” An Alcoholic IS NOT a looser. They might be down but they aren’t out.”
You can read her story below, or watch her tell her story. I recommend watching, she’s such a story teller. She used to live in Bonn by the way.
Ann Mathu has been to hell and back. The one-time alcoholic, only sobered up and got help long after she lost two lovers to alcohol.
By the time she got help at a rehabilitation centre in Homa Bay, her life had hit rock bottom and she was destitute.
Today, she has put her life in order and, though she trained in catering at Kenya Polytechnic, Ms Mathu has taken up counselling alcohol and drug addicts to help them ditch their habits and walk on the winding path to recovery. She visits and counsels those in need at home.
Before she began the home visits, which she now does on her own, she had worked at the Asumbi Rehabilitation Centre – where, incidentally, her life of alcoholism was turned around, and at Nacada.
She says she decided to quit her job and use her experience to help drug and alcohol addicts.
Ms Mathu recalls that she was barely 10 years old when her father who, was an alcoholic, introduced her to brews.
“My father and I had a special bond because I was named after his mother and he used to let me take a sip of his muratina whenever he was drinking around me,” she recalls.
This went on for years and by the time she was in class seven, she had progressed to a few glasses and had even started smoking cigarettes.
“My father used to ask me to light cigarettes for him and that is how I got into the habit,” she says.
Now a mother, these are things she does not wish for anybody’s children. Her father died when she was in Form One in 1977 and she continued the “tradition” of drinking and smoking, albeit secretly while at Bishop Gatimu Ngandu Girls High School.
Her drinking escalated when she joined Kenya Polytechnic in 1981.
“I had never had so much freedom and we used to be given a ‘boom’ of Sh500 by the government,” she says.
At the time a bottle of beer cost Sh3.50 while a packet of cigarettes used to go for the same price. With Sh20, she could party the whole weekend.
In 1982, she participated in the Miss Kenya beauty contest and came in second place. This entitled her to monetary rewards from the sponsors and she used all the money on beer.
After college, she was employed as a cateress at a secondary school in Nanyuki that was near a military base, where alcohol was cheap and in plenty.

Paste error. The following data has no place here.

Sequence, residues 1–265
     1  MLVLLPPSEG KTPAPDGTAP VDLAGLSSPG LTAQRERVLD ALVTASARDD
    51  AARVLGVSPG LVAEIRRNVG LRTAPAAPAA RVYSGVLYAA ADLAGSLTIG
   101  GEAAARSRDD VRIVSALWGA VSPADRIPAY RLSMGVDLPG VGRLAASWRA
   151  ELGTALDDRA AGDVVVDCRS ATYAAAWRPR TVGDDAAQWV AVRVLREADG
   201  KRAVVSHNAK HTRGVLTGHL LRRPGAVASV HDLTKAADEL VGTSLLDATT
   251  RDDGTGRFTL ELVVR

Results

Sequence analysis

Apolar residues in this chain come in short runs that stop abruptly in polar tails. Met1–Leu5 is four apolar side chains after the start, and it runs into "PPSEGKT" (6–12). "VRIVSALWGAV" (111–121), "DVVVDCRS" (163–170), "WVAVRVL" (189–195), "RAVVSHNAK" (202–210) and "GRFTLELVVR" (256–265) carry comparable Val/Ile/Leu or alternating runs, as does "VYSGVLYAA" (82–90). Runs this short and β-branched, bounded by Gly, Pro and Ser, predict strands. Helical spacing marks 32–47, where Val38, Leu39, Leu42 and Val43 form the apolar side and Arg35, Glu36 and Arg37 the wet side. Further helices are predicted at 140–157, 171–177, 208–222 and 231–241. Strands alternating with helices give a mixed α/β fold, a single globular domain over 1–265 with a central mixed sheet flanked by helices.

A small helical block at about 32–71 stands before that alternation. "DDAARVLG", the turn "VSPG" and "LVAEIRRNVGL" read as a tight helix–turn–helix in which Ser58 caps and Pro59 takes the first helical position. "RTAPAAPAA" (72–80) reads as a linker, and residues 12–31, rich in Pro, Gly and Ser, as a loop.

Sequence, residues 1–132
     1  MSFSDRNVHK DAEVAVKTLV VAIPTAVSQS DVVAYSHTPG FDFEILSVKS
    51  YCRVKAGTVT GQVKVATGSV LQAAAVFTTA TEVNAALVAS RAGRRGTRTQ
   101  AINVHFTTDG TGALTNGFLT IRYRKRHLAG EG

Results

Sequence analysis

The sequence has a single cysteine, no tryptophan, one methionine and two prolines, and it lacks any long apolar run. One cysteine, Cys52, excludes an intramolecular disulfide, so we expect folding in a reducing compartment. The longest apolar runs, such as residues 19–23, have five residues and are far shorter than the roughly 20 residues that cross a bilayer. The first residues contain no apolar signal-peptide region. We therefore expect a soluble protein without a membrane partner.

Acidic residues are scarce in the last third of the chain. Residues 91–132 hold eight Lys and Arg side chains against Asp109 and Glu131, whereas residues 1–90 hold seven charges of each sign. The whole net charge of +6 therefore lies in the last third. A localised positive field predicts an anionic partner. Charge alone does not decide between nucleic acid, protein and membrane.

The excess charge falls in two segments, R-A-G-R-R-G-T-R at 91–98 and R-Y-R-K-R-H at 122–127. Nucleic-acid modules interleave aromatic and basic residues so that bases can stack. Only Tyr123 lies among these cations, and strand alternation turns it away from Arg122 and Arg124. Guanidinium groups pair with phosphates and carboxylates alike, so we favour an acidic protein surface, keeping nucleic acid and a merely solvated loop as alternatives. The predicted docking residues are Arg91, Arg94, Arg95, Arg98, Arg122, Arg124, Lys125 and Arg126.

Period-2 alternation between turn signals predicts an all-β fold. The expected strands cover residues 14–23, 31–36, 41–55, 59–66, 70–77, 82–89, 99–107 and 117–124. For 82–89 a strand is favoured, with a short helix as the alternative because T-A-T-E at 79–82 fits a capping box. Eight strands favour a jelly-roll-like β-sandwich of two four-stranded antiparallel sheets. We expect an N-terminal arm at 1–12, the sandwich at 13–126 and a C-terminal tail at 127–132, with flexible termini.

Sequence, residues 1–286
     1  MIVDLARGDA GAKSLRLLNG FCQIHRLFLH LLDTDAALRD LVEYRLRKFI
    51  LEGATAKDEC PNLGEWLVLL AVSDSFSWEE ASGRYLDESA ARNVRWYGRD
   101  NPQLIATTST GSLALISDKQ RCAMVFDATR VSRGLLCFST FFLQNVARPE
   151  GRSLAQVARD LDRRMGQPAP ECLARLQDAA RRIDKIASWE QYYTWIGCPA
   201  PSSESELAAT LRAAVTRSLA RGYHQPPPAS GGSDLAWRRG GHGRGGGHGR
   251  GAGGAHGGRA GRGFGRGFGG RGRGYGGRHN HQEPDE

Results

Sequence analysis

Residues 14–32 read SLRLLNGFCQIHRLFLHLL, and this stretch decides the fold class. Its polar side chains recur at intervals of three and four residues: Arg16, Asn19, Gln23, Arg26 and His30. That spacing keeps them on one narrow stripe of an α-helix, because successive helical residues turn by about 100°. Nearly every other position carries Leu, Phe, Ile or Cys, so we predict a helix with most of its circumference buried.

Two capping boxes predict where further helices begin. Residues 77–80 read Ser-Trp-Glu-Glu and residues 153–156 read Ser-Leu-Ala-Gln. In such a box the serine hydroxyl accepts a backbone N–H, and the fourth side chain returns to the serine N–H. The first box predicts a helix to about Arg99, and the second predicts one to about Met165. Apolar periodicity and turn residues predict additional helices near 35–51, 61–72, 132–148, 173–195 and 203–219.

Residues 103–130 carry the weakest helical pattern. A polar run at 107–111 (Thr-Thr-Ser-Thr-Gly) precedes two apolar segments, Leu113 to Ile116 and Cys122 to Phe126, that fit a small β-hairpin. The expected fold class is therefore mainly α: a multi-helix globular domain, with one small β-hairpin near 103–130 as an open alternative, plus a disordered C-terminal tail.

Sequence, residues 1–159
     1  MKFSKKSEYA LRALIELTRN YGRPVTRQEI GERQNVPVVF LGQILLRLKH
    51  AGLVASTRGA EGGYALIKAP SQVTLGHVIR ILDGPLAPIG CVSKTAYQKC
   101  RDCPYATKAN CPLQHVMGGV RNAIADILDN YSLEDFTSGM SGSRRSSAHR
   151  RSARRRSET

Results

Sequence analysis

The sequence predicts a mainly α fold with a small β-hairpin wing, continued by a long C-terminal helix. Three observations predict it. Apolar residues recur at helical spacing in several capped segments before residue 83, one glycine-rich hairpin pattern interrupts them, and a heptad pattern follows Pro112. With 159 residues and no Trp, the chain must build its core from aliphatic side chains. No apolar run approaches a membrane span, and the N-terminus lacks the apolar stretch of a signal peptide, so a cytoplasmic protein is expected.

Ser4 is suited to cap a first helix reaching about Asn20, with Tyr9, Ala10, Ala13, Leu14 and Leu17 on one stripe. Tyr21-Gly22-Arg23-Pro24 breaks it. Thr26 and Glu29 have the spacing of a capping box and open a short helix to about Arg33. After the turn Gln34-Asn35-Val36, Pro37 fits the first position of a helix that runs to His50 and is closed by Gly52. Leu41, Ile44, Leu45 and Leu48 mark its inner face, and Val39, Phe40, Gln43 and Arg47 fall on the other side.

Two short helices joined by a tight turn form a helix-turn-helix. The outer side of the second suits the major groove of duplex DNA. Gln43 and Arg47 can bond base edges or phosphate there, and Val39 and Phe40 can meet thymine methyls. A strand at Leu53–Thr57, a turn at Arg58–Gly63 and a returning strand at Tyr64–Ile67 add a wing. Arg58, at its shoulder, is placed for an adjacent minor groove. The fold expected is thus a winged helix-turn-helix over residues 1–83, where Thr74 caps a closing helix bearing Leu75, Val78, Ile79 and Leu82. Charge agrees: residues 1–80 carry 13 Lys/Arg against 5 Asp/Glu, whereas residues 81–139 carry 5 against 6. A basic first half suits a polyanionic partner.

“I would go to my house at lunch time and have a shot or two of vodka or Jack Daniels.” She quit her job at the school and joined the housekeeping section of a five-star hotel in Nairobi.
“I befriended the barmen who would give me alcohol before I started my shift at 6 a.m.,” says the mother of three. When her drinking got out of control, she was transferred to a branch of the hotel in Kericho.
“The managers did not want to fire me because I was a diligent worker and they thought that a change of environment would do me some good,” she says.
She was eventually sacked because after pay day, she would not report to work for days, and she had started drinking on duty. In 1992, she went back to her hometown in Thika pretending to be a victim of the Molo land clashes.
“I never told anybody that I had been fired and my family and friends came together and held a fund-raising for me so that I could get my life back on track.” She drank all the money. At this time she moved in with her boyfriend, a medical doctor, who was an alcoholic.
“He died from alcohol-related complications and I did not even see that as the signal that I needed to get my life in order. All I cared about was where my next fix would come from.”
A family friend thought she needed to get away so that she could mourn her boyfriend and invited her to Bonn, Germany.
“Within two weeks I knew all the bars in Bonn and within a month I could get drinks on credit,” she says.
She attributes this to the fact that addicts are very convincing liars and can be very manipulative to get a drink.
During this time, her children had moved in with her mother. While in Germany, she married a German man who was also an addict.
“Our love was brewed in Russian vodka,” she says.
She and her husband came to Kenya and stayed for a few months before he went back to Germany. He also died of liver cirrhosis.
All this did not stop her from drinking. She moved from a four-bedroom house to a shanty in Majengo slums in Thika after she ran out of money. She also started substituting the expensive liquor she was used to with chang’aa and busaa.
One day she drank jet fuel and vomited blood. That is when a family friend took her to Asumbi Rehabilitation Centre in Homa Bay.
She trained as a counsellor at the rehab and it is these skills that she hopes to use to help others.
You can watch her story:
You can read a newer version of her story: From Miss Kenya to Miss Nothing